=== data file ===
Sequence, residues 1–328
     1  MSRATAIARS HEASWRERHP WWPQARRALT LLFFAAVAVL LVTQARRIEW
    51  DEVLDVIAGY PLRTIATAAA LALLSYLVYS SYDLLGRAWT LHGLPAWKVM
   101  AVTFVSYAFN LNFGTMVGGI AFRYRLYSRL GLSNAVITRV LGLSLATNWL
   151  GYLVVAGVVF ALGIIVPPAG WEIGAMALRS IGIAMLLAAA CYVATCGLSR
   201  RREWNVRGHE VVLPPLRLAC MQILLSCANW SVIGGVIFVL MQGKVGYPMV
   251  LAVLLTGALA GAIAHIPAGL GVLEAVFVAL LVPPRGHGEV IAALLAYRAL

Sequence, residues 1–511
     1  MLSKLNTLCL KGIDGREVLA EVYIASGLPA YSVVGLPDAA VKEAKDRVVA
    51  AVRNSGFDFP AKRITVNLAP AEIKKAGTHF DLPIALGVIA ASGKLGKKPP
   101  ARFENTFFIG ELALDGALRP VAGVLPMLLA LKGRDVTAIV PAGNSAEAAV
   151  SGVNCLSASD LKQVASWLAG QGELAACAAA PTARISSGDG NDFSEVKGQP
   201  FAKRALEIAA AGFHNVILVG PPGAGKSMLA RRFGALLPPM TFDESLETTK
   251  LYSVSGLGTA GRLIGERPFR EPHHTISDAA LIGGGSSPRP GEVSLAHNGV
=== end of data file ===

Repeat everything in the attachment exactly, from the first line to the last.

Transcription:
Sequence, residues 1–328
     1  MSRATAIARS HEASWRERHP WWPQARRALT LLFFAAVAVL LVTQARRIEW
    51  DEVLDVIAGY PLRTIATAAA LALLSYLVYS SYDLLGRAWT LHGLPAWKVM
   101  AVTFVSYAFN LNFGTMVGGI AFRYRLYSRL GLSNAVITRV LGLSLATNWL
   151  GYLVVAGVVF ALGIIVPPAG WEIGAMALRS IGIAMLLAAA CYVATCGLSR
   201  RREWNVRGHE VVLPPLRLAC MQILLSCANW SVIGGVIFVL MQGKVGYPMV
   251  LAVLLTGALA GAIAHIPAGL GVLEAVFVAL LVPPRGHGEV IAALLAYRAL

Sequence, residues 1–511
     1  MLSKLNTLCL KGIDGREVLA EVYIASGLPA YSVVGLPDAA VKEAKDRVVA
    51  AVRNSGFDFP AKRITVNLAP AEIKKAGTHF DLPIALGVIA ASGKLGKKPP
   101  ARFENTFFIG ELALDGALRP VAGVLPMLLA LKGRDVTAIV PAGNSAEAAV
   151  SGVNCLSASD LKQVASWLAG QGELAACAAA PTARISSGDG NDFSEVKGQP
   201  FAKRALEIAA AGFHNVILVG PPGAGKSMLA RRFGALLPPM TFDESLETTK
   251  LYSVSGLGTA GRLIGERPFR EPHHTISDAA LIGGGSSPRP GEVSLAHNGV